With only about two weeks left until launch, it was a little surprising that Batman: Arkham Origins was being displayed on just a single PlayStation 3 console that was itself off the beaten path from the main show floors at New York Comic Con. When I eventually found my way to it, people were more interested in the nearby Superman 75th anniversary fanfare at the DC booth, which was pretty damn impressive due to their display of multiple Superman costumes throughout the decades. However, equally impressive in its own right was the demo for Arkham Origins, and even though I only had a small sample, it's looking like it could be the best in the series.
Gotham and Batman look as breathtaking as they ever have. Snow constantly falls and blankets the city, reflecting off the varied types of light that come together to great effect, casting realistic, deep shadows across the urban landscape. While it may seem familiar, most of Gotham will be new and look very different from the other games in the series. Batman, particularly the Batsuit and his grisly facial expressions, have never looked better. His cape shimmers in the snowy light as Batman stalks Gotham looking for crime, and as he perched atop a skyscraper, the in-game scene showed his bristled faced and stoically gritted teeth as he observed his city.
What really struck me were the incredible cutscenes, which showed a Bane that looked like a cross of his Luchador and The Dark Knight Rises costumes ripping Batman through the ceiling of an elevator and bludgeoning him against walls like a ragdoll, only to be brought to the Joker who demolishes one of the tallest buildings in Gotham right before Batman’s eyes - it’s impressively exhilarating and a joy to just sit back and watch. Batman: Arkham Origins really uses every ounce of power that the current-gen consoles have to offer and is simply beautiful to behold.
Roger Craig Smith, who takes over the cowl from the beloved Kevin Conroy, works very well as a younger Batman, and even though the absence of Conroy is noticeable, Roger Craig Smith performs very well, delivering his lines with great force and emotion.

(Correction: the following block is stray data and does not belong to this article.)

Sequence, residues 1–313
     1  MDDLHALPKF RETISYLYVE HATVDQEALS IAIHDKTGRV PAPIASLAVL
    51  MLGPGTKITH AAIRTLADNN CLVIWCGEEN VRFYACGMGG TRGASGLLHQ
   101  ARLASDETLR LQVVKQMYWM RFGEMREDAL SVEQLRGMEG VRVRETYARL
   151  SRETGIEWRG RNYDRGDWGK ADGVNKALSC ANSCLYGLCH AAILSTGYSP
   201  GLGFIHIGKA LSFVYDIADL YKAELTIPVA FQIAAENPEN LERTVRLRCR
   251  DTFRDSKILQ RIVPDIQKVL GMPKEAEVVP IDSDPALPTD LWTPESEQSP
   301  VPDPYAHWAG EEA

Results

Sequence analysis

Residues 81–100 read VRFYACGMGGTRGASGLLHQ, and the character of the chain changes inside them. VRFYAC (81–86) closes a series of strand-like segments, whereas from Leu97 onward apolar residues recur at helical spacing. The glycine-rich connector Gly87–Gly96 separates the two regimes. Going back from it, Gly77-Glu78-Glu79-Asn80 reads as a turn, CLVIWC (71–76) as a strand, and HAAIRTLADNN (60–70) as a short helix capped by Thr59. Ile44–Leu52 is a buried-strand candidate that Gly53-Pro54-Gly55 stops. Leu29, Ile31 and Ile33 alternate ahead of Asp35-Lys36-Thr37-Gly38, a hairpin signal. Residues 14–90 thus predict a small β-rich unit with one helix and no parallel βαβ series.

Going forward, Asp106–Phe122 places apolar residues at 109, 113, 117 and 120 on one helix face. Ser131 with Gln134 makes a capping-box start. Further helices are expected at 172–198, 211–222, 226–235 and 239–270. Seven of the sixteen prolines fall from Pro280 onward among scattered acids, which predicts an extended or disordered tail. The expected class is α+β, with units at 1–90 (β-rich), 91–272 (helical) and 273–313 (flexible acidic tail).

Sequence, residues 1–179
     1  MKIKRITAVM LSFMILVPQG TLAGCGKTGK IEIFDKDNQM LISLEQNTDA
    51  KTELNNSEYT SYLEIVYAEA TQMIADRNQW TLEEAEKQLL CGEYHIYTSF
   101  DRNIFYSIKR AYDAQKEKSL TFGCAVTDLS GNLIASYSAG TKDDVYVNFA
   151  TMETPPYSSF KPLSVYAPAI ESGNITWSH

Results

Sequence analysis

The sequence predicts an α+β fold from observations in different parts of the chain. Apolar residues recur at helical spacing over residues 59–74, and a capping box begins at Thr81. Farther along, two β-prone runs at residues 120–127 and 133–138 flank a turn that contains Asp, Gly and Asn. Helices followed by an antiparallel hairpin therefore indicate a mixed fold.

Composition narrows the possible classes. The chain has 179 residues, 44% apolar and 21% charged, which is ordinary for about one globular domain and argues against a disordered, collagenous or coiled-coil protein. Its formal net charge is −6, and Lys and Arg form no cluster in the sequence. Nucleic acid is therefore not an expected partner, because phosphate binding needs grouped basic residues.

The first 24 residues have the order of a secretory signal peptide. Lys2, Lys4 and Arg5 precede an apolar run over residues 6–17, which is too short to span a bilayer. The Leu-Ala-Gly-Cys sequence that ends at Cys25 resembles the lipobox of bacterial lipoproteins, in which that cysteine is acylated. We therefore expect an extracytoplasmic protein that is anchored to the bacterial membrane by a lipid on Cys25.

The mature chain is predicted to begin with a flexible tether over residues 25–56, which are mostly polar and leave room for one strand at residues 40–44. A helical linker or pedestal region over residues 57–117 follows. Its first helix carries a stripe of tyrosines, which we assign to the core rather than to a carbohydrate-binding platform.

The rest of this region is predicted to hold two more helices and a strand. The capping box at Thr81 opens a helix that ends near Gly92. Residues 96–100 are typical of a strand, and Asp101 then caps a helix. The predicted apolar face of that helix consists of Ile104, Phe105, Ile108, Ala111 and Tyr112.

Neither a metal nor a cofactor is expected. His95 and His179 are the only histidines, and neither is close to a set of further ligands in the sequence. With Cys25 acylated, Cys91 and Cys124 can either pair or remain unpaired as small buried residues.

For the most part, the gameplay remains relatively unchanged, though the free-flow combat definitely feels a bit tighter, as does grappling and gliding across the city. The demo had Batman infiltrating a building in order to look for a bomb, facing different types of thugs and criminals along the way.
Alfred speaks to Bruce through his cowl, offering advice, as well as side missions that detail criminal activities that are occurring in the area that Batman is in. More use of Batman’s stun-cape ability is required, as Bane-like enemies appeared more frequently, requiring multiple stuns in order to take down.
While most of Batman’s new gadgetry wasn’t included in the demo, it did focus on the use of one of the additions to Arkham Origins: the Remote Claw. When you go to perch in a room that contains a bunch of thugs that you need to stealthily take down, you can always use the normal Bat-Claw, but the Remote Bat-Claw allows for more creative and unique take downs that don’t require Batman constantly grappling to other corners of a room.
By targeting either an enemy or an object that can be used against them, the Remote Claw will string up criminals to the ceiling from across the room, send something flying at their heads to take them down, or throw them into some random object on the floor or against the wall. You could traditionally stalk guards by zipping across the room, but the Remote Claw is much more entertaining.
The Arkham series has been a testament of what can be done with superheroes and videogames, and Batman: Arkham Origins looks to be another incredibly amazing title. Get ready to traverse Gotham and evade the assassins looking for Batman’s head on October 25th.